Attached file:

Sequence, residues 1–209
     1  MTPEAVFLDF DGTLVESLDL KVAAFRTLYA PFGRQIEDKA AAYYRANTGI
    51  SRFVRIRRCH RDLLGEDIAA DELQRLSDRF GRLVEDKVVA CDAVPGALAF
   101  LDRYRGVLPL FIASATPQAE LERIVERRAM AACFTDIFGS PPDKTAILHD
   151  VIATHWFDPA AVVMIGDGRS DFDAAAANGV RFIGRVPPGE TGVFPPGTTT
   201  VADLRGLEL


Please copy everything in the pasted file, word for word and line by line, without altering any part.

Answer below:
Sequence, residues 1–209
     1  MTPEAVFLDF DGTLVESLDL KVAAFRTLYA PFGRQIEDKA AAYYRANTGI
    51  SRFVRIRRCH RDLLGEDIAA DELQRLSDRF GRLVEDKVVA CDAVPGALAF
   101  LDRYRGVLPL FIASATPQAE LERIVERRAM AACFTDIFGS PPDKTAILHD
   151  VIATHWFDPA AVVMIGDGRS DFDAAAANGV RFIGRVPPGE TGVFPPGTTT
   201  VADLRGLEL